Everyday Is Like Sunday is superb late 80s indie pop. A cracking tune and playing with a great lyric invoking the truly melancholic state of the English seaside town out-of-season. It also echoes Sir John Betjeman with his ‘come friendly bombs and fall on Slough’ line.

Everyday Is Like Sunday

Betjeman recorded much of his poetry including this, The Licorice Fields Of Pontefract, set to music in fine style. I’ve been looking for this on 7″ for years.

Wake Up

Some old Factory music for Thursday from Glasgow’s The Wake. It’s against some kind of internet law to type the words The Wake without mentioning that Bobby Gillespie was a member (leaving in 1983). The Wake signed to Factory after Rob Gretton heard them, recorded at Stockport’s Strawberry Studio (a Factory hangout), toured with New Order and released several singles and two albums through either Factory or Factory Benelux. Eventually they got fed up at Factory and left for Sarah Records splitting in the mid 90s. The Wake re-woke in 2009 and have an album scheduled for this year. There was a gig in Brussels in December 2009 with former Factory bands Section 25 and A Certain Ratio which sounds like the early 80s in a nutshell, but probably with fewer raincoats and less Situationism. This was a single in 1984, archetypal in it’s own way, and has Durutti Column man Vini Reilly on piano. Rather nice really.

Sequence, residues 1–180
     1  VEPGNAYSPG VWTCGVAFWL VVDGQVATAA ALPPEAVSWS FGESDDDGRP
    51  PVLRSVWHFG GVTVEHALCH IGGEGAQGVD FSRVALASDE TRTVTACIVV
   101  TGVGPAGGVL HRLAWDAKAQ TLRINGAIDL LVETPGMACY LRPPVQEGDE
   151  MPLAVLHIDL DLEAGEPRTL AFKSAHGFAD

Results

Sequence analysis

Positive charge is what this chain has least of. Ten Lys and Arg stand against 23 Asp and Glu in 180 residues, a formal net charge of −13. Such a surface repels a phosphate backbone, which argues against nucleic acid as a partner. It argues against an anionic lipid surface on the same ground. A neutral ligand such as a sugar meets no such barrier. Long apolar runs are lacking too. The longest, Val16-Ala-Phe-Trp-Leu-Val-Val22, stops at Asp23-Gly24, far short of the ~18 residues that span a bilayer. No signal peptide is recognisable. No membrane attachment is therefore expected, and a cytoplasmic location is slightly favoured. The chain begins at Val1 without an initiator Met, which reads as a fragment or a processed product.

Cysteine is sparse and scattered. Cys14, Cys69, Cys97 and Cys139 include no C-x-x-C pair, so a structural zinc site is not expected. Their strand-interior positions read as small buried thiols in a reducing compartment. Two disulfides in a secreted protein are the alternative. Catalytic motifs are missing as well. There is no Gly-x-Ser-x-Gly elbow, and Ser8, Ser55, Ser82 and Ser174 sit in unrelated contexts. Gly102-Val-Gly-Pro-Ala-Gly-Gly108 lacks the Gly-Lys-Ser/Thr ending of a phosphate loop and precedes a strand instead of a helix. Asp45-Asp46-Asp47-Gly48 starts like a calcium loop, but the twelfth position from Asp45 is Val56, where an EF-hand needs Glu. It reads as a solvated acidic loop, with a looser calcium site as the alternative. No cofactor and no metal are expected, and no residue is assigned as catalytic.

Talk About The Past

Sandpaper Blues

The Durutti Column’s Sketch For Summer (from the first Durutti Column album, titled Return of The Durutti Column) is as cool a piece of post-punk, instrumental, Factory music as you’re going to hear. The guitar’s all Vini Reilly, everything else is Martin Hannett. Not sure it’s too appropriate on a day we’ve had several inches of rain, but it makes the thought of Monday and work a little easier to deal with.

The Return Of The Durutti Column was issued first time round in a sandpaper sleeve, so that over time it would destroy the rest of your record collection. Factory legend has it a number of them were hand-glued by members of Joy Division for some extra cash, and that Ian Curtis did most of the glueing while the others watched a porn film. If it isn’t true, it should be.

01 Sketch for Summer.wma

Vini Reilly ‘The Together Mix’